INSIDE THE TIMES: by SARAH LAZARE; AUGUST 19, 2020
After serving their criminal sentence, these men discover their punishment may never be over.
n June 2019, after serving more than 29 years in Illinois prisons, Otis Arrington expected to be released to freedom: He had finished his time, which he describes as difficult and traumatic, and his exit date was pending. But three days before he was slated to get out, Arrington says he was informed that he would, instead, be placed under a new form of confinement — one with no end date, meted out after he had already completed the punishment imposed by the criminal courts.
“I was supposed to get out, and they kidnapped me,” says Arrington, now 62 years old. He is speaking over the phone from the Treatment and Detention Facility in Rushville — a rural area in western Illinois — where he is one of roughly 560 men (or, at least, people who the state has deemed men) who are being held indefinitely under a little-known “civil commitment” statute.
Under this legal mechanism, which exists in at least 20 states and the District of Columbia, individuals convicted of certain sexual offenses (or in some instances convicted of nothing), and deemed to have a mental disorder and constitute a danger to society, can be involuntarily committed to “treatment” facilities after they’ve already served their criminal sentence. While in civil commitment, individuals are supposed to receive mental healthcare and regular examinations, and to be released once it is determined they are no longer dangerous. As the statute that established civil commitment in Illinois in 1998 puts it, individuals are to receive “control, care and treatment until such time as the person is no longer a sexually violent person.”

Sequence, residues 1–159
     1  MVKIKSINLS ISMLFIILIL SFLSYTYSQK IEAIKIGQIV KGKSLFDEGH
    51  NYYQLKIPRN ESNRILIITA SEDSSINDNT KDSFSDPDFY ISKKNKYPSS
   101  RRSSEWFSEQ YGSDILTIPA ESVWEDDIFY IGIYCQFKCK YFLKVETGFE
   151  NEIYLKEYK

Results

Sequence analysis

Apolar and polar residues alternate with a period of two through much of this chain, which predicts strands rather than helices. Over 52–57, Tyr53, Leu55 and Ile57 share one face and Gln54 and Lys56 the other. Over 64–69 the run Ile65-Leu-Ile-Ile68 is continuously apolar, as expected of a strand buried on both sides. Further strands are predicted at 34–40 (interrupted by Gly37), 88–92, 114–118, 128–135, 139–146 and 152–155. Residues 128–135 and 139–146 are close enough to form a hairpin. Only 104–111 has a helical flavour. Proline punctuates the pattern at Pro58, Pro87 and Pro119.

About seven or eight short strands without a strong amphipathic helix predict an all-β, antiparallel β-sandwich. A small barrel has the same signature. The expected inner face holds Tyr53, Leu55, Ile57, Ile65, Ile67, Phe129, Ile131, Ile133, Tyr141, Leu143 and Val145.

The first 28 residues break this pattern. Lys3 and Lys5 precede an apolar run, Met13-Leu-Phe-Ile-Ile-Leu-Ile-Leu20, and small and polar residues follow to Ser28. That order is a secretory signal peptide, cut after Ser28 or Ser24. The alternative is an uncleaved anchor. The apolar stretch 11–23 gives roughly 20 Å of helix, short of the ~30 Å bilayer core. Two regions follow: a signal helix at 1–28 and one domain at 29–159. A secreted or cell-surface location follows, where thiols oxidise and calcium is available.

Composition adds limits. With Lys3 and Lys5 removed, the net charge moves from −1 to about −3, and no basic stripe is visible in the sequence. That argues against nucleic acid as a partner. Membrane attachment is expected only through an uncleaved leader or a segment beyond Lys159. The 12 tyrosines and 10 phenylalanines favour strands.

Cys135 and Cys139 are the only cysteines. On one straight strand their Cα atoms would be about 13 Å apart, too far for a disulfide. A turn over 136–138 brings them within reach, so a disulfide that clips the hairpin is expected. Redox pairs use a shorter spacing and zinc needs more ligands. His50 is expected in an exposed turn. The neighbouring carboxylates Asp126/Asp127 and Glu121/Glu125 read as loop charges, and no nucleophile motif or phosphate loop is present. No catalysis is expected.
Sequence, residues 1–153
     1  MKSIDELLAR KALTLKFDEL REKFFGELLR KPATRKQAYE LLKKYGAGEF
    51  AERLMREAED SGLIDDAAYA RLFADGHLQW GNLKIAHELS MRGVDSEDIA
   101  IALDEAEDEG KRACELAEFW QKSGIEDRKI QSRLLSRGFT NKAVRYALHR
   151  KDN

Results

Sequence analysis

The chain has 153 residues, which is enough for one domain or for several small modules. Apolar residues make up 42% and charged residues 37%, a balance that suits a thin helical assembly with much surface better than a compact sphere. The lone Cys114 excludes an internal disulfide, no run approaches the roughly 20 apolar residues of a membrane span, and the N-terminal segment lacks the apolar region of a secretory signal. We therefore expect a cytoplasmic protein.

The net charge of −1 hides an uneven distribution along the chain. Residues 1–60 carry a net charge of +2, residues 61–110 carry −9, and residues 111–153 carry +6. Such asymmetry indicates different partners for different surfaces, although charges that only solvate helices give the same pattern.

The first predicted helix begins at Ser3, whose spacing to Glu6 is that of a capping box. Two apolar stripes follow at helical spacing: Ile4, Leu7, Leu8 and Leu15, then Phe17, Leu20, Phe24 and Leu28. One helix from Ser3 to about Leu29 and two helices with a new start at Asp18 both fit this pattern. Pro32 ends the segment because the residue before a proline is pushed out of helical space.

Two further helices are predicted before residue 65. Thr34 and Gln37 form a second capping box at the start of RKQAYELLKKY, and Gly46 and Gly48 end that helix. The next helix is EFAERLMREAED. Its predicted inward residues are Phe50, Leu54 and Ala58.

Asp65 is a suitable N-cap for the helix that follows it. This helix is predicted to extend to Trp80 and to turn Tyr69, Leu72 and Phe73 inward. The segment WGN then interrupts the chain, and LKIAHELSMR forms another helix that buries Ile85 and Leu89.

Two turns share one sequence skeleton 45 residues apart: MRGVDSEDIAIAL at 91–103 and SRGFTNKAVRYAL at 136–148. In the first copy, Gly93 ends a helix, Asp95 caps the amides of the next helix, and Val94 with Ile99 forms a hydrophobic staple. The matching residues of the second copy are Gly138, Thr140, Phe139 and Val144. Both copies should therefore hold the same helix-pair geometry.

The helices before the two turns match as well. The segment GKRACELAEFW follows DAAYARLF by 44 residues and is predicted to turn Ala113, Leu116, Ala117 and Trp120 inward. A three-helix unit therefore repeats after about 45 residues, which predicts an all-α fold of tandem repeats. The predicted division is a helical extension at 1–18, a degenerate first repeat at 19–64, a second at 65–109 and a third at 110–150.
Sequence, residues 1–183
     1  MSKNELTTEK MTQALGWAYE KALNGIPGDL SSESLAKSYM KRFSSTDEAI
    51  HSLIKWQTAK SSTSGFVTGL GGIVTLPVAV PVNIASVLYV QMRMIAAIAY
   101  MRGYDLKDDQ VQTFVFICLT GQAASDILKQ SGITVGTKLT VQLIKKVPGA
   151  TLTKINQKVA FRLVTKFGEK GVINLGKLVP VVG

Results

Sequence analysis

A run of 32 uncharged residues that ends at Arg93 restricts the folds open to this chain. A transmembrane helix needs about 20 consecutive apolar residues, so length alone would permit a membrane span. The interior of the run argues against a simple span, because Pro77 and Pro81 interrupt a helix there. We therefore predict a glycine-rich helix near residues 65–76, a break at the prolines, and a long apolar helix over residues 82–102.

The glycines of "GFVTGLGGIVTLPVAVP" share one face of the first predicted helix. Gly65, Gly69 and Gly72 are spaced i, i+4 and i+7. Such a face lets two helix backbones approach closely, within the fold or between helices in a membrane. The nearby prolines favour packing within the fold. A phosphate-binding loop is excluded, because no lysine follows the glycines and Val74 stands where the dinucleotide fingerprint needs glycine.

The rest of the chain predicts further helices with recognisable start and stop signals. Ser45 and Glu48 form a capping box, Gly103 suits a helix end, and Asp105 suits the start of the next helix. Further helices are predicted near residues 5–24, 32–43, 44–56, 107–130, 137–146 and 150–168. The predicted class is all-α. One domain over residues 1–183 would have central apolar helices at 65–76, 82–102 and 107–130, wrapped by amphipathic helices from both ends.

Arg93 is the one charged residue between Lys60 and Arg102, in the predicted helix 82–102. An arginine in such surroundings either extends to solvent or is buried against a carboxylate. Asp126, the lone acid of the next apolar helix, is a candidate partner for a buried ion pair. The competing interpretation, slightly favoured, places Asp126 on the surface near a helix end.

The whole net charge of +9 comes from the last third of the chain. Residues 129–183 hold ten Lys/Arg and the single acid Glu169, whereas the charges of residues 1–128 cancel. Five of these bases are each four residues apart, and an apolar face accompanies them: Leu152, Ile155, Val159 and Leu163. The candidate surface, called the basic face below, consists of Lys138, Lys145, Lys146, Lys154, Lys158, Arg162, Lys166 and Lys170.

Yet, In These Times spoke with people held in civil commitment, rights advocates, scholars and lawyers who say that, instead of receiving effective treatment, people held under civil commitment statutes are subject to prison conditions, inadequate mental healthcare, scientifically dubious evaluations, and homophobic bias; they are deprived of meaningful due process; and they have little hope of getting out anytime soon. Rehabilitation is not the goal, critics charge, but rather, civil commitment is intended to indefinitely detain and punish people whom society has deemed undesirable. This confinement does not rectify the harm individuals have done, and there is no evidence that civil commitment laws reduce sexual violence in society, critics say. Instead, they argue, it unleashes untold new harms: as the site of abuse, trauma and, according to some, sexual violence.
“We served our time, and then they turn our sentence into a life sentence,” says Arrington. “There are guys here who have been here over 20 years.” He adds, “You would be amazed at how many residents have died here.”
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